On October 30, 2012, U.N. Secretary-General Ban Ki-moon delivered a speech in front of the National Assembly of South Korea where he noted how Korean culture and the Hallyu-wave is "making its mark on the world".[223]

ImpactEdit

SocioculturalEdit

The Korean Wave has spread the influence of aspects of Korean culture including fashion, music, television programs and formats, cosmetics, games, cuisine, manhwa and beauty standards.[224][225][226] In China, many broadcasters have taken influences from Korean entertainment programs such as Running Man; in 2014 SBS announced the Chinese version of this program, Hurry Up, Brother, which was a major hit as an example of a unique category of programs known as 'urban action varieties'.[227][228] Korean media has also been influential throughout Asia in terms of beauty standards. In Taiwan, where the drama Dae Jang Geum was extremely popular, some fans reportedly underwent cosmetic surgery to look similar to lead actress Lee Young-ae.[229]

Staples like Kimchi, Korean noodles and Soju became popular with younger generation in India watching Korean dramas.[230][231] After 2015 and Gangnam Style popularity, K-pop genre and Korean cultural content have become mainstream especially in Indian cities with high acceptance rate among women.[232] With the spread of Korean music, more people are now eager to learn Korean language, enjoy Korean food and visit South Korea.[233] Social commerce on Instagram flourished with Korean beauty products. Like Chinese, spicy Korean dishes started appealing to the Indian taste buds. Korean literature became popular among the millennials and post-millennial demographic due to Literature Translation Institute of Korea (LTI Korea) and quarterly magazine Korean Literature Now.[234] Duolingo reported constant rise of Korean learners in India from mere 11% during October 2019 to February 2020 that shot up to 256% from March to October 2020.[235] According to Korean Cultural Center, Korean language is the second most widely spoken foreign language in India as of 2020.[236]

Political and economicEdit

In 2012, a poll conducted by the BBC revealed that public opinion of South Korea had been improving every year since data began to be collected in 2009. In countries such as China, France, India and Russia public opinion of South Korea turned from "slightly negative" to "generally positive".[237] This increase in 'soft power' corresponded with a surge in exports of US$4.3 billion in 2011.[238] For views on South Korea, Korean Culture and Information Service (KCIS) conducted a survey among 16 countries with 8000 participants during 2018-19 in which Russia gave the most positive public feedback at 94.8%, followed by India with 91.8% and Brazil with 91.6% respectively.[239]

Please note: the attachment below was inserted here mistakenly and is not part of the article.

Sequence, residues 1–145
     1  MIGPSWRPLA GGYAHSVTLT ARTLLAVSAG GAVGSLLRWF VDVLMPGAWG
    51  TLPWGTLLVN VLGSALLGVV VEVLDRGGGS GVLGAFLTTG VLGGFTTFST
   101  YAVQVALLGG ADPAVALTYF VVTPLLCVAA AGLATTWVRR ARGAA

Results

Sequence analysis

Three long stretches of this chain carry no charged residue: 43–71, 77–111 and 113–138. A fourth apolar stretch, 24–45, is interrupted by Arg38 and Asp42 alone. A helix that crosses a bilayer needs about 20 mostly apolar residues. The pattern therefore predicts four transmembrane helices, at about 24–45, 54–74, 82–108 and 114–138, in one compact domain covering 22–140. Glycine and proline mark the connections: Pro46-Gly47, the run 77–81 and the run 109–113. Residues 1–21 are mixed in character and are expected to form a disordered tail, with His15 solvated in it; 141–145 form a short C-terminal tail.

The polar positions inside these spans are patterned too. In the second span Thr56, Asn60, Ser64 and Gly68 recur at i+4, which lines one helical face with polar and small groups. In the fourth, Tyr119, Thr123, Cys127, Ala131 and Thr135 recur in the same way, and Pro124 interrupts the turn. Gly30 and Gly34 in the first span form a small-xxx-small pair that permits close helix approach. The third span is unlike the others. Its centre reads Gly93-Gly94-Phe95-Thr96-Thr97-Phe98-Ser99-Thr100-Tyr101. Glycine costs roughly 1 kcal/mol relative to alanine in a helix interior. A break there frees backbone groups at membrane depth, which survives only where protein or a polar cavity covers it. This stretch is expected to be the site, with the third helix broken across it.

Korean producers have capitalised on high demand in Asia due to the popularity of Korean media, which enabled KBS to sell its 2006 drama Spring Waltz to eight Asian countries during its pre-production stage in 2004.[24]

The following data is based on government statistics:

2008[240] 2009[241] 2010[242] 2011[242] 2012[243]
Total value of cultural
exports (in USD billions)
1.8 2.6 3.2 4.3 5.02

The following data is from the Korea Creative Contents Agency (part of the Korean Ministry of Culture, Sports, and Tourism) for the first quarter of the 2012 fiscal year:

Creative Industry Sector Total revenue (KRW) Exports (KRW)
Animation[244] 135.5 billion ₩35.2 billion
Broadcasting[245] ₩213.5 billion ₩2.2 billion
Cartoon[246] ₩183.2 billion ₩4.7 billion
Character[244] ₩1882.9 billion ₩111.6 billion
Gaming[247] ₩2412.5 billion ₩662.5 billion
Knowledge/Information[248] ₩2123.1 billion ₩105.2 billion
Motion Picture[249] ₩903.8 billion ₩15.6 billion
Music[250] ₩997.3 billion ₩48.5 billion
Publishing[246] ₩5284.6 billion ₩65 billion

K-pop helped in increasing cultural export with Amorepacific Corporation became the first South Korea cosmetics company to enter India setting shop near New Delhi in 2013 due to rising awareness and acceptance of Korean beauty products among Indian working women within the age group of 25 to 40 years. As per e-commerce platform Nykaa, Innisfree from Amorepacific and The Face Shop became the Top 10 beauty brands on demand that helped 15% increase in sales and captured 8% of all skin care product sales.[251] They are seen as natural and chemical-free alternative to many established Western brands. By 2014, other Indian e-commerce websites such as Flipkart, Jabong and Myntra also started selling K-beauty products due to increasing sales revenue while many Korean Expatriate also started their own specialized online services like Korikart, KoreanShop by Brics India Trade to capture the growing market demand for all things Korean. Amazon confirmed rising sales of Korean beauty products beyond tier-1 metro cities. After Comprehensive Economic Partnership Agreement between India and South Korea, many Korean brands like The Face Shop came in with the help of KOTRA[252][253] Demand from retail segment pushed more brands like Laneige, Belif, and Cosrx launched exclusively in India from 2019 which briefly decreased due to Covid-19 pandemic but later labels like Accoje and Aroma Yong resumed product launches for Indian market from July, 2020.[254] As part of brand engagement strategy in India, Kia Motors collaborated with K-pop girl brand BLACKPINK to increase car sales among young customers while at the same time help in diffusion of authentic K-Pop culture.[255] Increasing investment and job prospects from Korean Chaebols are making Korean language studies increasingly popular in India.[256]